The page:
While there are no statistics given homicide victims were internally disposed of, the murder rate in El Cartucho was higher than in Iraq or the former Yugoslavia during their respective wars. In enforcing the gangs’ street code, there were murders every day. The mafia soldiers were an integral part of life in El Cartucho as they maintained order in the kingdom of thieves and addicts. Stories abound of bodies being quartered with chainsaws and buried under the blocks of El Cartucho.
Christopher entered El Cartucho a couple times – only in the morning – to buy marijuana. On his last visit, he was walking out next to a Colombian who was also on his way out. The stranger pulled a pistol from his jacket and fired a few shots behind him, without even looking toward where he was firing. Christopher felt obliged to give the stranger a smile of acknowledgement, and decided never to return. He could pay Chapinero’s higher prices for marijuana, which was still cheaper than beer.
Christopher’s description of John Rowley the last time he saw him, ill-fitting rags and missing teeth, is the quintessential image of the Bogota addict who resided in El Cartucho, where Rowley was most likely killed.
For those interested in Colombia, the work of Stanislas Guigui may be the most groundbreaking investigative journalism in a generation. The French artist spent over two years living in the Cartucho. The locals accepted him and his mission. His award-winning photography of the residents tells this important story.
See Stanislas Guigui’s photo essays from El Cartucho:
- Calle del Cartucho (Cartucho Street)
- Atrás del Muro (Behind the Wall)
- Almas del Infierno (Souls from Hell)
In 1998 Bogota mayor Enrique Peñalosa initiated the five-year process to demolish El Cartucho, which had grown to 23 hectares. 600 buildings were bulldozed and 12,000 people removed in one of Peñalosa’s biggest political battles. Public opinion was divided as residents wanted to keep their businesses and drug traffickers made open threats against police and public officials.
The total cost to clear El Cartucho was 150 billion pesos ($70 million). Some money went to identify properties, compensate the owners, bulldoze the area, and build Tercer Milenio park on the site. Other funds financed social services for elderly and impoverished families living in El Cartucho, especially street children. Finally, a significant amount was spent on rehabilitation for drug addicts.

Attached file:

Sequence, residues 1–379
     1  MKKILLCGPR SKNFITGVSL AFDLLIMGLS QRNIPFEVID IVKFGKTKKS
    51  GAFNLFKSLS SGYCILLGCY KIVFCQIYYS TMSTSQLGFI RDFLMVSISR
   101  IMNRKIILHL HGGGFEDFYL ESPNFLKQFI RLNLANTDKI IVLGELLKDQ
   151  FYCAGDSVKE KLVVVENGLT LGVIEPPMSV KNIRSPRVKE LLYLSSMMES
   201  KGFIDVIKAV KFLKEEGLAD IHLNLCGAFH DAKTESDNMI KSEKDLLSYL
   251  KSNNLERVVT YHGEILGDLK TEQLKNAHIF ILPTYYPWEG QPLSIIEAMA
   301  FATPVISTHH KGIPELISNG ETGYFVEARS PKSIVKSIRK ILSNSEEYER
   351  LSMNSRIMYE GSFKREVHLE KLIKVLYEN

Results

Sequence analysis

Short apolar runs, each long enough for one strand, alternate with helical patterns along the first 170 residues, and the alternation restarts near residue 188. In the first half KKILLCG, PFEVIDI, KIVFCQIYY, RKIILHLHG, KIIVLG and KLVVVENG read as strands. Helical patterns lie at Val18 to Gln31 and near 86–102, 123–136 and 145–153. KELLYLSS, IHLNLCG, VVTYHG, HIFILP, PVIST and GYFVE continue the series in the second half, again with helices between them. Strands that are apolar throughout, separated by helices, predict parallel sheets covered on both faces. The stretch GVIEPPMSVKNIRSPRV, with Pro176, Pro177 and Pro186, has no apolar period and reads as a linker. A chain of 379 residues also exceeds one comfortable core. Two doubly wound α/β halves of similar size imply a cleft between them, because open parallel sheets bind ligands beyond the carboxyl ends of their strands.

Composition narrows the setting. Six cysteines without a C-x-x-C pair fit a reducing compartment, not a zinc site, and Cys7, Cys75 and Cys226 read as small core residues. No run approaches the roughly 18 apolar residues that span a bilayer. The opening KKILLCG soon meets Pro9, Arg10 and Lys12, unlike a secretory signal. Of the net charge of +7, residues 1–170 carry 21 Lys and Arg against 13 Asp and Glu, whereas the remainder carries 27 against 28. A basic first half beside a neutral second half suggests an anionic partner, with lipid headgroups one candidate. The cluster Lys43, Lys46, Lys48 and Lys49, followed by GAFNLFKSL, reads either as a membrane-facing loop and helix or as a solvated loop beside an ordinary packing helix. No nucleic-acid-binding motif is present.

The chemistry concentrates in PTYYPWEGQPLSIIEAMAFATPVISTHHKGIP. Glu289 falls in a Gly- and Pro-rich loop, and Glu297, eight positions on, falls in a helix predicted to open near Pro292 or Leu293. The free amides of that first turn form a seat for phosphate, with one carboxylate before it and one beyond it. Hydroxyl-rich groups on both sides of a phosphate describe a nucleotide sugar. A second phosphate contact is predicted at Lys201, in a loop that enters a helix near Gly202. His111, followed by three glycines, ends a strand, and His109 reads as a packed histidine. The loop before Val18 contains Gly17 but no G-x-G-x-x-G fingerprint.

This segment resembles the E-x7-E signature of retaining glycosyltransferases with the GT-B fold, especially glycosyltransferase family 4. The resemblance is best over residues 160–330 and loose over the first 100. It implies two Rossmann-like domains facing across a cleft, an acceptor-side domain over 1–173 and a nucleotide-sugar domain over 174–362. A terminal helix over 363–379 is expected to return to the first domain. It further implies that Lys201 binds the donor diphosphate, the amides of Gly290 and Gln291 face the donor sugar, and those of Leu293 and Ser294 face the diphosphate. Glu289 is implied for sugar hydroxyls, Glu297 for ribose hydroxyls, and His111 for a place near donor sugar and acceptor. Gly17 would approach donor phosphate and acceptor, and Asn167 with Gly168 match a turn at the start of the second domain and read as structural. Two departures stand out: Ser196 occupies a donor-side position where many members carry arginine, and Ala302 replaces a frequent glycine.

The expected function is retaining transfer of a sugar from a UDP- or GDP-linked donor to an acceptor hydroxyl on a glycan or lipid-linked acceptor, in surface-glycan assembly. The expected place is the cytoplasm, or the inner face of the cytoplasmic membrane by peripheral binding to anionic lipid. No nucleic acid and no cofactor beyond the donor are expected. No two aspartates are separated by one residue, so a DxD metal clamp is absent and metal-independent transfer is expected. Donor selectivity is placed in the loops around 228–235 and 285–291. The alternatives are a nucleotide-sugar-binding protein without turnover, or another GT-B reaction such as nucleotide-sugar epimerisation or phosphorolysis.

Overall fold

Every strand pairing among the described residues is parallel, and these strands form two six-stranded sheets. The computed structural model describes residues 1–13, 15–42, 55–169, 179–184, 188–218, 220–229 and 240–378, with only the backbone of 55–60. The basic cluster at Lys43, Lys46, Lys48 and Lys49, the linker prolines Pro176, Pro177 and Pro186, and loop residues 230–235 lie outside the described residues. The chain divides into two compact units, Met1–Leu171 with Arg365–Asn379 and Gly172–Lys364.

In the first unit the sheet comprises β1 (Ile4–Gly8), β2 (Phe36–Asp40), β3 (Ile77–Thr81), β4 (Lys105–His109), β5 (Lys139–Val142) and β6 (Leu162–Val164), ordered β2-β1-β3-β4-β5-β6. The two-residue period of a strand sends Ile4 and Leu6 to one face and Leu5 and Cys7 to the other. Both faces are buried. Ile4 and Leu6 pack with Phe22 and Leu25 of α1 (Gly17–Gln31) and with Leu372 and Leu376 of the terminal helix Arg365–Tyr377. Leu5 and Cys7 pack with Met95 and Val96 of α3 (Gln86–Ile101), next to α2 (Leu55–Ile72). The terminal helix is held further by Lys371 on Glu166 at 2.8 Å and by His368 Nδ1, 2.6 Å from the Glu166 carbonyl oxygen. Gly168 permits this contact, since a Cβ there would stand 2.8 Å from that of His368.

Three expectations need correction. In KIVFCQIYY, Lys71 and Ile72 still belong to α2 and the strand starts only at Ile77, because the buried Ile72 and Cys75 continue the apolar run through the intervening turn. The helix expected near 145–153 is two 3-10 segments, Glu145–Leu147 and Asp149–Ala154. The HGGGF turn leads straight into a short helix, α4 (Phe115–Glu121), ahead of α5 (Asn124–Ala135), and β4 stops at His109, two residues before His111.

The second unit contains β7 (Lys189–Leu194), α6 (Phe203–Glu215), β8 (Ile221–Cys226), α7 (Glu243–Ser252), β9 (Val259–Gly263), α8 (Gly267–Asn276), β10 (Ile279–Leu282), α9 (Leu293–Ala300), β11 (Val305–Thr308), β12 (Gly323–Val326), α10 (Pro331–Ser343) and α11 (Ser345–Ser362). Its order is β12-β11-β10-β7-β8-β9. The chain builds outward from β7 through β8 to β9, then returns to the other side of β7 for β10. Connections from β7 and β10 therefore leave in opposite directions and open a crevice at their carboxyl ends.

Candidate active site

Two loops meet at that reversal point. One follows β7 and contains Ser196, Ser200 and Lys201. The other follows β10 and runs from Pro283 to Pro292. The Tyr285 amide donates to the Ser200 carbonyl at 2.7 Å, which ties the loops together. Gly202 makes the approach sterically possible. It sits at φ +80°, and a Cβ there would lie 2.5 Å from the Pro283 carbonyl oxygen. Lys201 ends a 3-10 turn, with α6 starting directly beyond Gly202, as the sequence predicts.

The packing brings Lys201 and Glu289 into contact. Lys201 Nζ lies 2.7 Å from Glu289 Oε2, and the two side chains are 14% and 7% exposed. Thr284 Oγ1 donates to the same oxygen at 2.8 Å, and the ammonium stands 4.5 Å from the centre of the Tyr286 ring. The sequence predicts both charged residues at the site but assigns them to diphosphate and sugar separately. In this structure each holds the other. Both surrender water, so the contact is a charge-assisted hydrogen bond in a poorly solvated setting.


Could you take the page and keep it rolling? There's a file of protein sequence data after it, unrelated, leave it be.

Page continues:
In Colombian Spanish, cartucho has become a term for cardboard and other recyclables, as well as the open-air drug markets that sprouted up around Bogotá after El Cartucho was demolished. While the physical location for the drug addicts and their economy was eliminated, the people were not. So the new mini-Cartuchos with names like La L (pronounced La EL-ay) and El Bronx are now home to Guigui’s souls from hell.
For more information on Bogota’s El Cartucho, visit madouttamehead.expat-chronicles.com/el-cartucho-bogota.
As compelling as the embedded video above is, Stanislas Guigui had another trailer for the documentary that may have been better, but has been removed from YouTube. It featured one boy, no older than 13, smoking crack with his mother. And another boy, absolutely filthy and no older than 10, huffing glue. I am eagerly awaiting that film. Keep an eye on YouTube to see if he publishes that spot again.
Here are some of the source articles I used to put together the overview:
La Calle Del Cartucho, Oficina Del Mundo Bajo (El Tiempo)
El fin de una vergüenza (Semana)
Dreams of El Cartucho: Violence, Fear and Trust in a Bogotá Slum (a 26-page English-language dissertation submitted by a Master’s student in Anthropology at the University of Sussex)
For further history on the Colombian capital watch Bogotá Cambió, the compelling documentary about the state of the city before and after the mayoral terms of Antanas Mockus, Enrique Peñalosa, and Mockus again. The film features Peñalosa’s battle to demolish El Cartucho: